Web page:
within NHLBI's Hispanic Community Health Study/ Study of Latinos
About the Ancillary Study
Dyslipidemia, defined as high total or LDL cholesterol, low HDL cholesterol, and/or high triglycerides is highly prevalent in US Hispanics (~65%) with significant variations seen by Hispanic heritage groups. LDL cholesterol is an important marker of cardiovascular risk and treatment to lower LDL prevents heart attacks and strokes. However, significant residual risk remains after reducing LDL and this may be attributable to nontraditional lipid markers such as apoB and Lp(a).
This is particularly relevant in the Hispanic population where there are higher prevalences of low HDL cholesterol and/or high triglycerides despite similar LDL levels compared to non-Hispanic Whites. This pattern of mixed dyslipidemia translates to a more potentially risky cholesterol pattern of small, dense LDL that is more likely to transfer from the plasma to the arterial wall than its larger, more buoyant counterpart. Cardiovascular risk among Hispanics may be better accounted for by non-traditional lipid markers such as apoB and Lp(a). The inclusion of apoB and Lp(a) as risk enhancers in the 2018 AHA/ACC cholesterol guidelines raises the urgent question of their performance in US Hispanics.
This ancillary study will support the measurement of these unique risk markers and their associations with future heart disease and strokes in a diverse population of US Hispanics.
The NMC Alliance is conducting an ancillary study in order to better understand biomarkers specific to dyslipidemia in Hispanic/Latino sub-group populations.
About the SOL Study
In 2014, the American Heart Association (AHA) released a scientific statement on the status of cardiovascular disease (CVD) and stroke in Hispanics/Latinos in the United States. In this statement, the scientific advisory board noted the fact that Hispanics are the largest minority ethnic group in the United States, yet data on the prevalence of risk factors for CVD among Hispanic subgroups is suboptimal.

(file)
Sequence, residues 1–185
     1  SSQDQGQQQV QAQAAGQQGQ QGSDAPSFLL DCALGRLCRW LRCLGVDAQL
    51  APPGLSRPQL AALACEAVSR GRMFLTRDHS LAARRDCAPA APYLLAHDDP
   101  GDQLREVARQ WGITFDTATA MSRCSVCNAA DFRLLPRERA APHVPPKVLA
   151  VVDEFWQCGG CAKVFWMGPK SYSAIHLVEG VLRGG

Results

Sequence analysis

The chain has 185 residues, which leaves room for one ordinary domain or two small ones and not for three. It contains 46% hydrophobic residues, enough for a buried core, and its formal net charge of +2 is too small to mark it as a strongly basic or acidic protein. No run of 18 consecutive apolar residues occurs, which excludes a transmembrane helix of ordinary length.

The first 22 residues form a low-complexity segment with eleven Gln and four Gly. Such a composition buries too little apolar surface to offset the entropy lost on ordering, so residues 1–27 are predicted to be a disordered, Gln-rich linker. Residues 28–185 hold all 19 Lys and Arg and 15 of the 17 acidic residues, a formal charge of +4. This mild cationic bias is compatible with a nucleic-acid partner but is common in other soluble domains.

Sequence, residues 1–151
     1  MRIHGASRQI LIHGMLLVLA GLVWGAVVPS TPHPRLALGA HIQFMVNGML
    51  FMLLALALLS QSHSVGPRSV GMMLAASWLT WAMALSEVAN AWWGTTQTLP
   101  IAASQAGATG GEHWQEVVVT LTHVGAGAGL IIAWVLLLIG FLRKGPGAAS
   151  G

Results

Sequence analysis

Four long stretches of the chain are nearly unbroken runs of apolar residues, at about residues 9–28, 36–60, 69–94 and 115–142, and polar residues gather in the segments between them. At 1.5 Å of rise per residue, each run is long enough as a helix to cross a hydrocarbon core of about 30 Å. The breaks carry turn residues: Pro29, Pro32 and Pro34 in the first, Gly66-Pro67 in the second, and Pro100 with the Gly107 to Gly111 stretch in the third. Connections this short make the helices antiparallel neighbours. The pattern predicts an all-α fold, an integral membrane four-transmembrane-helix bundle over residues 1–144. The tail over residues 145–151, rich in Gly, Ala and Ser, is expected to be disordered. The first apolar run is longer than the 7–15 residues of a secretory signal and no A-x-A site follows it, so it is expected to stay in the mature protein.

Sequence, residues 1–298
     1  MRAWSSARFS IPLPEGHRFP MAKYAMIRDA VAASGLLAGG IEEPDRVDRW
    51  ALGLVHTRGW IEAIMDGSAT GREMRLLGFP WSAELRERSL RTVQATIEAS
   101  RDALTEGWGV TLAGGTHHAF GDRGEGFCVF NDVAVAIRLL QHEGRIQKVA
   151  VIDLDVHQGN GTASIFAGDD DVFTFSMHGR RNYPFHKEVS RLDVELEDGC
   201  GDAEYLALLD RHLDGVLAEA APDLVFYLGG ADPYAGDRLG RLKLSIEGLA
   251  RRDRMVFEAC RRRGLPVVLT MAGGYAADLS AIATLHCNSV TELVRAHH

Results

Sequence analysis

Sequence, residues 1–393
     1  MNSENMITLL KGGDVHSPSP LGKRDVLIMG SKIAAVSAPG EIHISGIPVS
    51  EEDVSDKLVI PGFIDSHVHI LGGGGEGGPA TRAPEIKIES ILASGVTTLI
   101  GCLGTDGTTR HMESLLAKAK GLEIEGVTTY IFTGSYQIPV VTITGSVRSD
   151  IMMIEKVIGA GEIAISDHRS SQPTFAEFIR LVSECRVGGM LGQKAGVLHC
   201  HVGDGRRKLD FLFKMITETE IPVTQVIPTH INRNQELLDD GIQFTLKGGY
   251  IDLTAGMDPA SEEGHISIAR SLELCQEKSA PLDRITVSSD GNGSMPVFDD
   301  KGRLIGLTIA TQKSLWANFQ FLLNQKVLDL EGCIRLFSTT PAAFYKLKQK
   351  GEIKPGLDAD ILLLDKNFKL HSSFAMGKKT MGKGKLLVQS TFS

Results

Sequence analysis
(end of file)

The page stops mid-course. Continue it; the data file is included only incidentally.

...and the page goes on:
Additionally, the authors stated that "an incomplete understanding of Hispanic populations in academic research has produced a lack of comprehensive data addressing Hispanic health and CVD, discordant literature regarding CVD risk factors and its prevalence, and a decreased understanding of health status and risk factors contributing to health disparities for US Hispanics."
The Hispanic Community Health Study (HCHS) / Study of Latinos (SOL) is a multi-center epidemiological study focused on Hispanic and Latino populations that began in 2006. The purpose of this is to understand the effects of acculturation disease prevalence and development, and to identify factors affecting the health of this specific population. Participants aged 18 to 74 years were divided based on origin of Cuban, Puerto Rican, Dominican, Mexican, and Central/South American.
The Hispanic Community Health Study / Study of Latinos is primarily sponsored by the National Heart, Lung, and Blood Institute (NHLBI) and six other centers and Institutes of the National Institutes of Health (NIH) have contributed to the ongoing work. The Make Well Foundation is pleased to partner with this project by providing funds for laboratory analysis of Lpa, personnel support, analytic support, logistical support.
Dr. Carlos Jose Rodriguez a HCHS/SOL investigator and Dr. Parag Joshi are the PIs of the study.